We haven’t done this well at a municipal celebration since 1970 when Sam Toll won the Boys’ Shoe Race at the Eureka 4th of July Celebration at age 7.
There was food and drink, and a
friendly, festive spirit in the air throughout the weekend. Our Virginia City neighbor Squeek Steele played music in the parade and on several pianos around town as the weekend progressed. As she was warming up the night before at the Santa Fe Saloon with a brisk rendition of “Tiger Rag”, the black keys all cracked apart and went flying. She and husband Roger spent a couple of hours gluing them back down before her first performance the next day.
Bronze, silver and gold medallions were struck to memorialize the arrival of the railroad in 1905, and t-shirts sold briskly.
Even beyond the weekend celebration the ruined old city is showing some life. Owner Red Roberts came to town to visit the Goldfield Hotel which has been sitting quietly since he bought it at auction two years ago. Personal circumstances have prevented him from giving the magnificent old structure his attention until now, but in an interview with Carol Sirnes of the Pahrump Mirror he was clear that work will begin on the hotel in the spring of ’06.
“Next spring I’ll start here with full force.
|Hot Rods in Henderson|
Super Run Classic Car Show 2005 will be held Thursday, September 22 – Sunday, September 25in the Water Street District of downtown Henderson. More than 1,000 creampuffs, all makes and models, will be on hand: vintage classics, hot rods, street rods, muscle cars, competition and custom vehicles.Chubby Checker, himself a vintage classic, is this year’s headliner. It’s free and open to the public.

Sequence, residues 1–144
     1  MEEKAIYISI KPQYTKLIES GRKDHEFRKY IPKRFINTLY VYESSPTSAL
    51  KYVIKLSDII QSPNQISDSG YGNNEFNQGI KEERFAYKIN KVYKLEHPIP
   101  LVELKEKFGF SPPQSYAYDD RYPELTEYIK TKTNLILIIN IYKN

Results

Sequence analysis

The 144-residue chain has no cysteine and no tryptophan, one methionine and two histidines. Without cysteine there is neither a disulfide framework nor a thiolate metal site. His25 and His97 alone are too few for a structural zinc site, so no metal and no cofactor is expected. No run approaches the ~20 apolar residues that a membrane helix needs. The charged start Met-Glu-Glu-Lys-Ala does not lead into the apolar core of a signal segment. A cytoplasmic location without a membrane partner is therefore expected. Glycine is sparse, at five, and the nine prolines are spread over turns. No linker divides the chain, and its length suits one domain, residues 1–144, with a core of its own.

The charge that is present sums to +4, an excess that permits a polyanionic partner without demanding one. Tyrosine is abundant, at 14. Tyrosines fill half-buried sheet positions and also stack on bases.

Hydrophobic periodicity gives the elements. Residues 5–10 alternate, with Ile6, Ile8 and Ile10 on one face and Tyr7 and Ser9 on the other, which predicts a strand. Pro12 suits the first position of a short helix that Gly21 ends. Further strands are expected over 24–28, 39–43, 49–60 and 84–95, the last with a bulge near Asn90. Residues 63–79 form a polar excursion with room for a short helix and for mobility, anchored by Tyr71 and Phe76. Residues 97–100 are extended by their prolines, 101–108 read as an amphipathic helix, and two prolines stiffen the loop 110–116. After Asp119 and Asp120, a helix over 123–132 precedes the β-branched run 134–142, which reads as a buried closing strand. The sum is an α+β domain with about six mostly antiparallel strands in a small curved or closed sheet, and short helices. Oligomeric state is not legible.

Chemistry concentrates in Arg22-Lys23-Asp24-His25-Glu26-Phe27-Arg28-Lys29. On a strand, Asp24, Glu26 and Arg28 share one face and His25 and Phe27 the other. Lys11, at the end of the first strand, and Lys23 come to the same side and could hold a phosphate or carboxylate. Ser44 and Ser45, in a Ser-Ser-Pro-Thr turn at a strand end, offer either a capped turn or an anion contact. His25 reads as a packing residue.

I will finish the basement because that’s integral to the hotel and the main floor here: the dining room, the bar, the casino,the coffee shop, the main galley and the new kitchen. And the first floor of rooms, which are`33 rooms, counting the suites. Then I’ll open it up, see how it flies. If it flies, then I’ll do another floor, 33 rooms, and so on.”
Properties were auctioned by Esmeralda county, and some of the lots auctioned in previous years already have new stuff on them. Surely every Nevadan wants a little lot in Goldfield to park an Airstream, plug into the grid and rest up in the quiet little husk of what was once a noisy, thriving metropolis, rift with mighty passions: organized labor was on the march, and the company men carried guns. Now the wind riffles through the joshua trees, and the birds make most of the noise you hear, except for the occasional slap of a screen door or the grumble of an 18-wheeler crawling down Crook Street.
My daughter Sarah stayed at the Tuscany Suites & Casino in Las Vegas recently. Her report: “What can be said about that rockin’ hotel? The staff was fantastic, the rooms were pristine and HUGE, and it was perfectly located far enough from the Strip to not have to deal with the noise and crowds, but close enough so that we were moments away. We had such a good experience there that we can’t wait to go back!”
Quick notes from beyond the mountains: Three Burning Man artists have been juried into the Nevada Triennial exhibit now at the Nevada Museum of Art in Reno. They are Judith Selby Lang, Bay Area painter, who has done a series of portraits of people on the playa, and who created the costume for the Human Poetry Jukebox, whom she also married last year at David Best’s Temple;
Jeff Johnson, Reno neon artist and Bruka Theater member; and Pete Froslie, creator of the giant etch-a-sketch board in 1997 . . . Michael Politz keeps his Eye on Las Vegas and his ear to the ground: “In a historic first,” he writes enthusiastically, “internationally acclaimed super star Chef Hubert Keller will take over the turntables at MGM Grand’s Tabu Ultra Lounge and share his passion for house music with the masses. Not only will it be Keller’s first ever public nightclub set, but it is also the first time a four-star chef has crossed over from the kitchen to the DJ booth” . . . .